Understanding Inverted Yield Curves and What They Mean to You
In March of this year, the US bond yield curve inverted. What does that mean? We must take a step back and understand what and how bond yields or interest rates are determined. The term structure sets forth the relationship between bond yields (interest rates) and different terms or maturities. When this is formally plotted out into a graph, we have what is known as the yield curve. This in turn plays a key role in market participants’ expectations of future changes in interest rates. Generally, yields or interest rates increase with longer maturities. This is what economists call a normal yield curve. In commodities the term is contango, where spot or current prices are lower than future prices. As was mentioned above, the US Treasury yield curve is currently inverted. That means that short term rates are higher than long-term rates. Again, in commodities this is known as backwardation, which is the opposite condition to that when prices are in contango. Please see the figure below as of 12 June 2019.
As evidenced in the chart above, 1-month rates are higher than all those longer-term rates until you get to 20-year US government bonds.
What is the day-to-day impact for individuals and businesses? First, as the yield curve started to flatten earlier this year, and inverted for a short time in 2018, the Federal Reserve became much more dovish on hiking interest rates at the pace they initially set out in the 4th quarter of 2018. When the curve inverted, this has historically been a precursor to an impending recession. To test this hypothesis, a search of the US Treasury website shows that in the last 50 years, an inverted yield curve, one in which the majority of longer-term yields have been lower than shorter-term yields, has turned into a recession between 6 and 24 months following the inversion. From and economics standpoint, a recession means two consecutive quarters of negative Gross Domestic Product (GDP) growth. There are also times where just some of the longer-term rates are lower than the shorter-term ones. These periods have not been accurate predictors of an impending recession.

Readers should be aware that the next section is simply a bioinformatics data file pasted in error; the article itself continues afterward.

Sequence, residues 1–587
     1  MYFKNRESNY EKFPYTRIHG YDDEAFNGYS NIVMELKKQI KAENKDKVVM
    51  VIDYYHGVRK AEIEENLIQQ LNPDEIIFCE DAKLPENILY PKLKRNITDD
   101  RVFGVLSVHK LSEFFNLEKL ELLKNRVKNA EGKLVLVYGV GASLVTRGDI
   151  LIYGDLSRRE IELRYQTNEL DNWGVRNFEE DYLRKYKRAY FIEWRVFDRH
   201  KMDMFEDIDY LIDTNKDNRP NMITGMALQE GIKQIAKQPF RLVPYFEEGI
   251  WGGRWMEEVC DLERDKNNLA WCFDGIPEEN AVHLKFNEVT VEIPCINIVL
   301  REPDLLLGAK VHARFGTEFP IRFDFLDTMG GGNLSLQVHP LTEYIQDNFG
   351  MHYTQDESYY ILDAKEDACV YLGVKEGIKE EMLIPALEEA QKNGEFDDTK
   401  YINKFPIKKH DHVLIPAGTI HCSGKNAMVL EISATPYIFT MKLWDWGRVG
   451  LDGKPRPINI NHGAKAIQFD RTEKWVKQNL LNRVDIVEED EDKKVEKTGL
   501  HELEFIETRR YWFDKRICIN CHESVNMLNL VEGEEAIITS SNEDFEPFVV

For businesses, they could find it more difficult to expand their operations due to higher borrowing costs on short-term loans. This is also true for consumers. Furthermore, consider households that have adjustable rate mortgages or ARMs. This means that in each anniversary of their loan, rates will jump. This situation applies to any debt instrument, including bonds. As an economy enters a recession, there will be a behavioral tendency for investors to seek shelter in safer investments. That means investors will move toward bonds, which will in turn increase bond prices and lower their yields. Unemployment will rise as businesses borrow less and the downward spiral of the economy will continue until some floor is met. As investors, it’s important to understand that these are temporary and expected occurrences in any economy. Investors need to be vigilant in maintaining their diversified portfolios and to continue to rebalance should equities decline in value.
Risk Warnings and Important Information
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